On September 30, the US Fish and Wildlife Service (USFWS or Service) published proposed rule that would revise the regulations governing the issuance of eagle take permits (ETPs) under the Bald and Golden Eagle Protection Act.  87 Fed. Reg. 59,598 (September 30, 2022). In the preamble to the proposed rule, the Service acknowledges that its current ETP regulatory process, first established in 2009 and revised in 2016, is not working as intended.  In particular, the Service notes that “[w]hile there are more than 1,000 wind-energy projects on the landscape, the Service has received fewer than 100 applications from those projects and has currently issued only 26 permits since the promulgation of the 2016 Eagle Rule.”  87 Fed. Reg. at 59,602.

Time 8 Minute Read

Beginning with the inauguration of Ronald Reagan in 1983, each newly inaugurated president from a different political party than his predecessor has ordered the withdrawal from the Office of the Federal Register (OFR) of all pending regulations that have not yet been published.  86 Fed. Reg. 7425 (Jan. 28, 2021) (Biden); 82 Fed. Reg. 8346 (Jan. 24, 2017) (Trump); 74 Fed. Reg. 4435 (Jan. 26, 2009) (Obama); 66 Fed. Reg. 7702 (Jan. 24, 2001) (Bush); 58 Fed. Reg. 6074) (Jan. 25, 1993) (Clinton); 46 Fed. Reg. 11,227 (Feb. 16, 1981) (Reagan). The incoming presidents have used this approach to advance their policies as opposed to being constrained by the policies of their predecessors reflected in such “midnight rules.” The D.C. Circuit, in Humane Society v. U.S. Dept. of Agric., No. 20-5291 (D.C. Cir. July 22, 2022), has limited the rules that can be withdrawn under this long-standing approach. 

Time 3 Minute Read

On July 28, 2022, the US Environmental Protection Agency (EPA)  published the 2021 Toxics Release Inventory (TRI) preliminary dataset that provides public access to data about chemical releases, waste management, and pollution prevention activities that took place in calendar year 2021 at more than 20,000 federal and industrial facilities across the country. The 2021 preliminary dataset, which for the second year includes reporting on per- and polyfluoroalkyl substances (PFAS) added to the TRI by the 2020 National Defense Authorization Act (NDAA), has not yet undergone the complete TRI data quality process. EPA plans to publish the quality-checked dataset in October 2022, at which time it will be the basis for the 2021 TRI National Analysis interpreting the information and examining trends that is expected to be published in early 2023. Companies should bear in mind that information collected under the TRI program can be used not only to inform regulatory action, but also as a basis for enforcement by EPA and citizen suits.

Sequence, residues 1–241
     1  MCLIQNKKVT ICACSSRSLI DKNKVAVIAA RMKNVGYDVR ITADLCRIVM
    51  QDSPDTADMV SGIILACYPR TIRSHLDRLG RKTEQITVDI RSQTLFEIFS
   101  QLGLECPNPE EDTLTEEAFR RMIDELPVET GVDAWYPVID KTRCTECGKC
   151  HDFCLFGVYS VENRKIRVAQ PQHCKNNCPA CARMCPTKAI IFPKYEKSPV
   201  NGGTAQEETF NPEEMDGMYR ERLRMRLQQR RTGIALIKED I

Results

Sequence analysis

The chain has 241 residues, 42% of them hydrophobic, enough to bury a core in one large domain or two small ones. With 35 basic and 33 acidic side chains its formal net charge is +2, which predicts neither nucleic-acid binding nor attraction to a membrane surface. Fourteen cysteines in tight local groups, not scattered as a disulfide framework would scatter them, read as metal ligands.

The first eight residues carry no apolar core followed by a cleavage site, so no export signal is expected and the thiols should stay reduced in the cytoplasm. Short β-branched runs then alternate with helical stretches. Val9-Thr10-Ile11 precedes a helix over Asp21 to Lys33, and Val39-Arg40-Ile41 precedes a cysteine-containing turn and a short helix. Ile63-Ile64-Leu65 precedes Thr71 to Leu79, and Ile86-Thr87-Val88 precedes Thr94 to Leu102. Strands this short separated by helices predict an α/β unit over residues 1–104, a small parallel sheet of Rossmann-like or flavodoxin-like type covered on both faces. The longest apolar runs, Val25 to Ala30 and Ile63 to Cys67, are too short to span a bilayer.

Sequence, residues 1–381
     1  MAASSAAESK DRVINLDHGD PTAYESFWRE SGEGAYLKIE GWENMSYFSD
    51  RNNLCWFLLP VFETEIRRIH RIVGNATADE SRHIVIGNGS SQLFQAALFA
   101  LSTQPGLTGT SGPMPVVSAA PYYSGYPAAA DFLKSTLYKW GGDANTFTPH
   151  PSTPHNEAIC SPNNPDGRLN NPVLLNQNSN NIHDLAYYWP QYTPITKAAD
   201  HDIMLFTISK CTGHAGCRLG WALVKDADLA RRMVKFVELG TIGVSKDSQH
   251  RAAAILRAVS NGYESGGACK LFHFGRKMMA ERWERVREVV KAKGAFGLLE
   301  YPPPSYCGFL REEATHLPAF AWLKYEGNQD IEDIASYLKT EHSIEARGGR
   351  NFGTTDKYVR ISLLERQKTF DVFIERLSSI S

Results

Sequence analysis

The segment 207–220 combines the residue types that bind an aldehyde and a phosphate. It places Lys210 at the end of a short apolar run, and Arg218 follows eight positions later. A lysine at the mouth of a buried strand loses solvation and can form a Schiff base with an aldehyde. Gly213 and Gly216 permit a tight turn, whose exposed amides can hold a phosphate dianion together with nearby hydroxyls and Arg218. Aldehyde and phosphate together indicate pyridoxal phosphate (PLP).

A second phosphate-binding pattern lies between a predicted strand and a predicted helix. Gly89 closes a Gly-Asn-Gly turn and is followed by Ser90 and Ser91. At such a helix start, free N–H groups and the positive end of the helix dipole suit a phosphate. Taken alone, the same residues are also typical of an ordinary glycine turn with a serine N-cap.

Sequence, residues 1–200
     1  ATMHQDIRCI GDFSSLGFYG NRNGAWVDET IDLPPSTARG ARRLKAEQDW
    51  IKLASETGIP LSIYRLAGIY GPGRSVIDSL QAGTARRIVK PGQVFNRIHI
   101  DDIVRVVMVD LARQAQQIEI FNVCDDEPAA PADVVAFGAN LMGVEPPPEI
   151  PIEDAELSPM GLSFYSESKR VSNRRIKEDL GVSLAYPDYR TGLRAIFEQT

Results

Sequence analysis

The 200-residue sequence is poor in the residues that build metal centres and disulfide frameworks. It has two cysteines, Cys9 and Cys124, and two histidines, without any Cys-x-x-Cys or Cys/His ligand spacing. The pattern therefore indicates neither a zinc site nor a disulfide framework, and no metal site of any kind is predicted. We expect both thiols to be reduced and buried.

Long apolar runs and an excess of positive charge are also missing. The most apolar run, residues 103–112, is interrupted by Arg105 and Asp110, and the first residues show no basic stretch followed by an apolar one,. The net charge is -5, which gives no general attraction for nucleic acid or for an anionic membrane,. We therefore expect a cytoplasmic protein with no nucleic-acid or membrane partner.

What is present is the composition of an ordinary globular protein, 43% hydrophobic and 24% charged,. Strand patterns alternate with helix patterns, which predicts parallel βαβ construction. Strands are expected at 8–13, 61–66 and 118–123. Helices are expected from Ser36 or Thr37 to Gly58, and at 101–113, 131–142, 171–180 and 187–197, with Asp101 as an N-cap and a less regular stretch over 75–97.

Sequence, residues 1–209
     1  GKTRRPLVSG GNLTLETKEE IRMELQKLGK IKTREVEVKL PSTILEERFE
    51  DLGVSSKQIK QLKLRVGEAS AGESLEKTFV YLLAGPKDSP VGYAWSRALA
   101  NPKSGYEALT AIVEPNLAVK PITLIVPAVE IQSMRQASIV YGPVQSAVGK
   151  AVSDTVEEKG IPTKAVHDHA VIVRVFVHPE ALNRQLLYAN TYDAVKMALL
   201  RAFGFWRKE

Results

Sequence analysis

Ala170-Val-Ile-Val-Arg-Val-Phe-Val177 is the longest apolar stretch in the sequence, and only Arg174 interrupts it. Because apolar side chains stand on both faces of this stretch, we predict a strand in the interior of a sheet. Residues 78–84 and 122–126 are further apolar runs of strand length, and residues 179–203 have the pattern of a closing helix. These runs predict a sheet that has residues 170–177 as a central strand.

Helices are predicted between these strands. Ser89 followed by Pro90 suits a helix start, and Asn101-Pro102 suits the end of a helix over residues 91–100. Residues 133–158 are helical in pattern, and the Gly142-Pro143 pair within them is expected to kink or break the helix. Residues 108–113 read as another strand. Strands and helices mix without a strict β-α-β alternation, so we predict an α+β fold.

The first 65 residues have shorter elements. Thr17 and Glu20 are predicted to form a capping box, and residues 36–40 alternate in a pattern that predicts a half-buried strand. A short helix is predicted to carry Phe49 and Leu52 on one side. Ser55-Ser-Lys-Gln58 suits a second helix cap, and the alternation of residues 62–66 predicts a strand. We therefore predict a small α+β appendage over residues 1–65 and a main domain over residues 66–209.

Time 5 Minute Read

On July 20, 2022, in Naturaland Trust v. Dakota Finance, LLC, No. 21-1517, a split Fourth Circuit panel held that a state agency’s notice of violation did not “commence an action” within the meaning of 33 U.S.C. § 1319(g)(6)(A)(ii). That provision states that a Clean Water Act violation “shall not be the subject of” a citizen suit for civil penalties if a state “has commenced and is diligently prosecuting” an action with respect to the violation “under a State law comparable to” the Clean Water Act. The court also held that this provision is not jurisdictional.

Time 3 Minute Read

Yesterday, June 23, 2022, The Biden Administration announced the launch of a Federal-State Offshore Wind Implementation Partnership (“Partnership”) to expedite and foster the growth of wind energy, tackle the climate crisis, strengthen American energy security, and achieve the goal of deploying 30 gigawatts (GW) of offshore wind by 2030. 

Time 6 Minute Read

On May 3, 2022, the Railroad Commission of Texas (Railroad Commission) voted to approve three actions that represent a major step forward in facilitating the deployment of carbon capture, use and sequestration activities (CCUS) in Texas. Specifically, the Railroad Commission approved:

  • Publication of proposed amendments to its rules implementing the state program for geologic storage of anthropogenic CO2 and incorporating federal requirements;
  • Submittal to the US Environmental Protection Agency (EPA) of a pre-application to gain regulatory authority over Class VI underground injection control (UIC) wells that are used for injection of CO2 into deep subsurface formations; and
  • A request that the Governor formally ask EPA for Class VI UIC well program approval. [i]  
Time 4 Minute Read

On May 18, 2022, in York et al. v. Northrop Grumman Corp. Guidance and Electronics Co. Inc. et al., No. 21-cv-03251 (W.D. Mo.), a federal district court dismissed state-law tort claims for alleged groundwater contamination, finding that they were preempted by an existing Comprehensive Environmental Response, Compensation, and Liability Act (CERCLA) consent decree. The court rejected the plaintiffs’ argument that two CERCLA “savings clauses” allow their claims to proceed.

Time 4 Minute Read